Operatives, Spies, and Saboteurs contains numerous factual errors. The OSS, for example, did not operate in every theater of the war as O'Donnell claims (15). Gen. Douglas MacArthur excluded OSS members from the Southwest Pacific Area unless they served under his direct command, an option Donovan refused. Adm. Chester Nimitz followed a similar policy in the US Navy-controlled North, Central, and South Pacific theaters, allowing only a few members of the Morale Operations Branch to accompany Office of War Information propagandists to Saipan late in the war, and an even smaller number of OSS men to participate under US Navy command in one underwater demolition team (15). In Europe, the US Fifth Army liberated Rome on 5 June 1944, not 3 June (65). It is Walt Rostow, not Walter (25). CBS radio personality Elmer Davis directed the Office of War Information, not playwright and former White House speechwriter Robert Sherwood, who served as deputy director of the OWI's Overseas Branch from 1942 until 1944 (229). The OSS Special Liaison Units merely laundered and distributed ULTRA intelligence to field commanders—they had no role in signals interception and decryption, being denied access to Britain's Bletchley Park until quite late in the war (200). A Military Order created the OSS on 13 June 1942, placing it within the nation's military establishment subordinate to the Joint Chiefs of Staff and above the theater commanders, not Executive Order 9182, which established the Office of War Information on that same date (229).
Undocumented assertions also abound. Many military and intelligence historians, for example, will find O'Donnell's claim that “OSS commandos were America's first Special Forces” (58) surprising, as the US Army had already signed agreements with the British in April 1942 to train Americans as commandos, and the first US Army ranger units formed that June, the same month the OSS came into being. The assertion that “OSS played a major role in the Nuremberg war crimes trial” (307) is neither elaborated upon nor documented. This seems especially odd considering that President Truman dissolved the OSS in September 1945, nearly two months before the 10-month long trials began in late November 1945. The statement that OSS Special Operations Branch and British Special Operations Executive personnel “delayed and considerably damaged the 2d SS Panzer Division ‘Das Reich' as it struggled from the south of France to counter the Normandy landings” (169) is one of many exaggerations. In this particular case, only a few OSS members were even in the region at the time. O'Donnell completely ignores the fact that French resistance groups, acting independently of the OSS, SOE, and even of each other, were the forces vainly struggling to slow the division's northward movement, posing such an annoyance that the SS massacred the innocent inhabitants of Oradour-sur-Glane on 10 June 1944 in retaliation. A final overgeneralization is the author's assertion that the Ardennes counteroffensive of mid-December 1944—the Battle of the Bulge—occurred as it did because the US First Army had “deprived itself of its own eyes and ears” by dismissing its OSS contingent (169). This assumes, of course, that one small OSS group had exclusive intelligence unbeknownst to the rest of Allied intelligence—from the theater level to frontline foxholes—and could have sufficiently impressed a military hierarchy suspicious of the civilian-dominated OSS with the accuracy of its information in time to issue an early warning to hundreds of Allied units poised on the German frontier. No proof is offered here that these OSS intelligence officers had any such information.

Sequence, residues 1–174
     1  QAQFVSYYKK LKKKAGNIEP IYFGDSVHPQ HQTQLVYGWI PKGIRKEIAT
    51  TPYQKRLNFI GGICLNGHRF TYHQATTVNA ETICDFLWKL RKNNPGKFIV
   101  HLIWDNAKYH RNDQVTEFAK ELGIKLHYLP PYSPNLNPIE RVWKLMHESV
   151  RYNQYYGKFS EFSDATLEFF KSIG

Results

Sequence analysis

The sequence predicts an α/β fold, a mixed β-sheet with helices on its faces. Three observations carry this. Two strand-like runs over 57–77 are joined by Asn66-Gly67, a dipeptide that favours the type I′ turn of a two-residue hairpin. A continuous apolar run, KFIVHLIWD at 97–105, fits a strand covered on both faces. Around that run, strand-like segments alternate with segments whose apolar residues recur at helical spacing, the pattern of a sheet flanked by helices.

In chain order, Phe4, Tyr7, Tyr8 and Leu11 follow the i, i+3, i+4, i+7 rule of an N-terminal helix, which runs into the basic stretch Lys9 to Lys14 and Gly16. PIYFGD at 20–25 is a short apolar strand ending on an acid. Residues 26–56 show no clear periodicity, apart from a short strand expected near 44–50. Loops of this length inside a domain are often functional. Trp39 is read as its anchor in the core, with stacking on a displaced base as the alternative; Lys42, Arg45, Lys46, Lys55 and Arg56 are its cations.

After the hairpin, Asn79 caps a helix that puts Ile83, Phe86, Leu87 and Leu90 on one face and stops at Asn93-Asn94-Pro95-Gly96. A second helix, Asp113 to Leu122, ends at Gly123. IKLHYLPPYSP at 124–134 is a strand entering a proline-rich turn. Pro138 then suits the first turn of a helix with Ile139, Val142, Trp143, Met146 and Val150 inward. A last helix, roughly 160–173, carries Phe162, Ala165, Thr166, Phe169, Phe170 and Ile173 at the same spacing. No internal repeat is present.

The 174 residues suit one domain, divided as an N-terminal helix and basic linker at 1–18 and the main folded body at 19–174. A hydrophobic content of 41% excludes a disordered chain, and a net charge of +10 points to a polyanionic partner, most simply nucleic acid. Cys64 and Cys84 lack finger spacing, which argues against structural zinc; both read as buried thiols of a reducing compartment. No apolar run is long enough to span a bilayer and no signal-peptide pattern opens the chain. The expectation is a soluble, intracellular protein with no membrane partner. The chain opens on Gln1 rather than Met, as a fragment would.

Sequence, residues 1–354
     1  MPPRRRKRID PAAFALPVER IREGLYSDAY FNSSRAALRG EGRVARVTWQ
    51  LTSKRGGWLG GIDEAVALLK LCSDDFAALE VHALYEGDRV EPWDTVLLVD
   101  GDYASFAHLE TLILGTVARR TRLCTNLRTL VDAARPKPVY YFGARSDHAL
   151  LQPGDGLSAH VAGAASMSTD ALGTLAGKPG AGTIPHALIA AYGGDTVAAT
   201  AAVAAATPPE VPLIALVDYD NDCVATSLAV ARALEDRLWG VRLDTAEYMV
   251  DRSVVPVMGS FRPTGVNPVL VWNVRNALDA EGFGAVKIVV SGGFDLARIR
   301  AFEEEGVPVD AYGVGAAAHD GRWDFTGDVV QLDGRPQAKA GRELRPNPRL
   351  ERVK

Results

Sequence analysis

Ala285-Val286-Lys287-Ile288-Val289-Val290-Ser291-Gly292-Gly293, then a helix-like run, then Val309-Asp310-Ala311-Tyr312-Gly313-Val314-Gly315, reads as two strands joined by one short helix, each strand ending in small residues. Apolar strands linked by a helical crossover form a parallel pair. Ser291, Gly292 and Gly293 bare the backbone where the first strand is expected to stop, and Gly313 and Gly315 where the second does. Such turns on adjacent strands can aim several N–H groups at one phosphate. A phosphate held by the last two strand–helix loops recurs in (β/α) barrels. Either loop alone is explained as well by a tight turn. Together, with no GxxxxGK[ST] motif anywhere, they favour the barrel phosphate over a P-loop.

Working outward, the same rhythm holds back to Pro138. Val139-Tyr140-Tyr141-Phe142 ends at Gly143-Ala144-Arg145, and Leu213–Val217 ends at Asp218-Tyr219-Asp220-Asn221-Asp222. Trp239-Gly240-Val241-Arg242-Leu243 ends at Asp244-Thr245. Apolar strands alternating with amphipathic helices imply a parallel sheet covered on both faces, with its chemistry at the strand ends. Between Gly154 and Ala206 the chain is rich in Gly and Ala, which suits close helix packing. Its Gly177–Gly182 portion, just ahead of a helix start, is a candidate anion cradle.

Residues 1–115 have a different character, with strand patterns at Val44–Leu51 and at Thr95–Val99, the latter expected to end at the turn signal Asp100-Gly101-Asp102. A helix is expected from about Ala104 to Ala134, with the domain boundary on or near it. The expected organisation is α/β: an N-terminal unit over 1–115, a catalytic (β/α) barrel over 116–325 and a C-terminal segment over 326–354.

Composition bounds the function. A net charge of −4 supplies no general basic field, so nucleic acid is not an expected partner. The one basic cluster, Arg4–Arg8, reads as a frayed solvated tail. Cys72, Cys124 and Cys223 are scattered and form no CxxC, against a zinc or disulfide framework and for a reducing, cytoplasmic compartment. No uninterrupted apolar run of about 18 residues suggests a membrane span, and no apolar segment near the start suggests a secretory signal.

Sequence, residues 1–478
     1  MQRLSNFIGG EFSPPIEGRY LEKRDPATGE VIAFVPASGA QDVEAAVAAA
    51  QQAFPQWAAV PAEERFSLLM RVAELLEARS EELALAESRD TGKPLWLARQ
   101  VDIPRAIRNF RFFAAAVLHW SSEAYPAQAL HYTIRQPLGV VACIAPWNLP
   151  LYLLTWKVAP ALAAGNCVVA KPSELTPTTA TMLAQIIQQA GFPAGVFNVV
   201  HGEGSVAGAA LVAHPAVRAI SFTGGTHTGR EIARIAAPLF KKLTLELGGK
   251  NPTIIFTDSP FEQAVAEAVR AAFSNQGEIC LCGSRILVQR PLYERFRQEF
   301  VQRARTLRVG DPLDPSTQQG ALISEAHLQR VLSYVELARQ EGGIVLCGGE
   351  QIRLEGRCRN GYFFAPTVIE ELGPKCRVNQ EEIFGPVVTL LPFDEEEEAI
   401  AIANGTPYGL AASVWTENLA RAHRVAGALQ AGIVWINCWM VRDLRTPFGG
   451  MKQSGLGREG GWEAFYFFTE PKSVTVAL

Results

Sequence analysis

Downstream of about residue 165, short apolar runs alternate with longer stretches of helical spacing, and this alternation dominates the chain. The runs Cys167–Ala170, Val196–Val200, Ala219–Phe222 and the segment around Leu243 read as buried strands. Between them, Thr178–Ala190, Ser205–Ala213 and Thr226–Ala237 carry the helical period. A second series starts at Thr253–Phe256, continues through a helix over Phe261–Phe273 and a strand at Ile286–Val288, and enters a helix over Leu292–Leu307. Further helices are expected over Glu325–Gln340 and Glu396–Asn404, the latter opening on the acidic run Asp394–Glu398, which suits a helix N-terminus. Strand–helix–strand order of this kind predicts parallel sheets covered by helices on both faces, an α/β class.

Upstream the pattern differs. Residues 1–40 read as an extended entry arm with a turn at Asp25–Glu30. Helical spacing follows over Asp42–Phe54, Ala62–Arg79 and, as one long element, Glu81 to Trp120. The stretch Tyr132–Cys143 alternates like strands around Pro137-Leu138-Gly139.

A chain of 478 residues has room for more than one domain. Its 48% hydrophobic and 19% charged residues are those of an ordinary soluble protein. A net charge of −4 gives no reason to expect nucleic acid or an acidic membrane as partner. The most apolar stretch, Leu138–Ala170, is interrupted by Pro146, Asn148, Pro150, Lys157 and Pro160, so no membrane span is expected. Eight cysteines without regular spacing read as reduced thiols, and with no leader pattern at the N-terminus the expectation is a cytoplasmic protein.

The book contains several photographs from the National Archives and private collections, a helpful glossary—notwithstanding some errors—and a number of very good maps that help place veterans' stories in geographical context.
Those new to the OSS, or those wanting a simply written popular history of the clandestine war in participants' words, will find Patrick O'Donnell's Operatives, Spies, and Saboteurs satisfying and enjoyable reading. Historians may find an occasional new and interesting perspective in some of the oral history interviews, but scholars seeking a comprehensive and accurate look at this unique organization can safely bypass this book for traditional works by such authors as Joseph Persico, Christof Mauch, Thomas Troy, Bradley Smith, Harris Smith, John Prados, and Kermit Roosevelt.
Joseph E. Persico, Piercing the Reich: The Penetration of Nazi Germany by American Secret Agents During World War II (New York: Viking, 1979); Christof Mauch, The Shadow War Against Hitler (New York: Columbia University Press, 2003); Thomas Troy, Donovan and the CIA: A History of the Establishment of the Central Intelligence Agency (Frederick, MD: University Publications of America, 1981); Bradley F. Smith, The Shadow Warriors: OSS and the Origins of the CIA (New York: Basic Books, 1983); R. Harris Smith, OSS: The Secret History of America's First Central Intelligence Agency (Berkeley: University of California Press, 1972); John Prados, Presidents' Secret Wars: CIA and Pentagon Covert Operations from World War II through the Persian Gulf (Chicago: Ivan Dee, 1996); and Kermit Roosevelt, The War Report of the OSS, 2 Vols (New York: Walker, 1976).
Clayton D. Laurie is a member of the CIA History Staff and author of The Propaganda Warriers: The American Crusade Against Nazi Germany.